The last image shown is just that, their version of a billboard! I don't know what or if the "zoning" laws in Peru allow for "western" style billboards (Peru is western after all), but if the locals want to make a change in style.... Take that anger and open a billboard company in Peru. Get rid if the "graffiti" and make a bill or two on some nice wood and steel advertising signs!



Now on a more constuctive note: I recommend to you a very good book to fuel your fire! "Stealing History: Tomb Raiders, Smugglers, and the Looting of the Ancient World" by Roger Atwood


Really worth a special order if you can't find it at your local book store! (Yes they still have real live places to buy books!)



[edit on 18-7-2006 by CasualOne]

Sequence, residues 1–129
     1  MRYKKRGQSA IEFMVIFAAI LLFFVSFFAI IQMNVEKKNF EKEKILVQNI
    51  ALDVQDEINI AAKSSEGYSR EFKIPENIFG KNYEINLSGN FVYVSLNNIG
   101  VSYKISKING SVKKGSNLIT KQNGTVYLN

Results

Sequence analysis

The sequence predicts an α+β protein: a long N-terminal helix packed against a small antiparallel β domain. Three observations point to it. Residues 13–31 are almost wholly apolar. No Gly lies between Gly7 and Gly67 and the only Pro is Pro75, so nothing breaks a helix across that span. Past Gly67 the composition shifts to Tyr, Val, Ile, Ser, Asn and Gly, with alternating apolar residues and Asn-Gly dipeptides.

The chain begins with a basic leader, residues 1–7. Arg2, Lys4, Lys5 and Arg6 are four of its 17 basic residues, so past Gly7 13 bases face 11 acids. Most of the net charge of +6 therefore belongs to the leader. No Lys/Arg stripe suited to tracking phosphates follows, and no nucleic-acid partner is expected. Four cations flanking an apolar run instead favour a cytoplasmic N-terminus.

[edit on 18-7-2006 by CasualOne]

[edit on 18-7-2006 by CasualOne]



posted on Jul, 18 2006 @ 01:08 PM
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Originally posted by CasualOne
Really worth a special order if you can't find it at your local book store! (Yes they still have real live places to buy books!)


HEY I resent that!! I buy lots of old books from book stores


you mean THIS ONE?



posted on Jul, 18 2006 @ 02:00 PM
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hehehehe Yes, that's the book. I love the feel of a book in my hands, the turning of the pages, smelling the paper, the changing textures as they are handled and age!

These forums are just as impersonal as buying a book online


Oh, how I long for the smell of a pipe, the low roar of exited talk, underscored by the frantic flipping of pages, all washed down with an Aged Tawny!


Take Care!



posted on Jul, 20 2006 @ 12:38 AM
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Originally posted by CasualOne
Oh, how I long for the smell of a pipe, the low roar of exited talk, underscored by the frantic flipping of pages, all washed down with an Aged Tawny!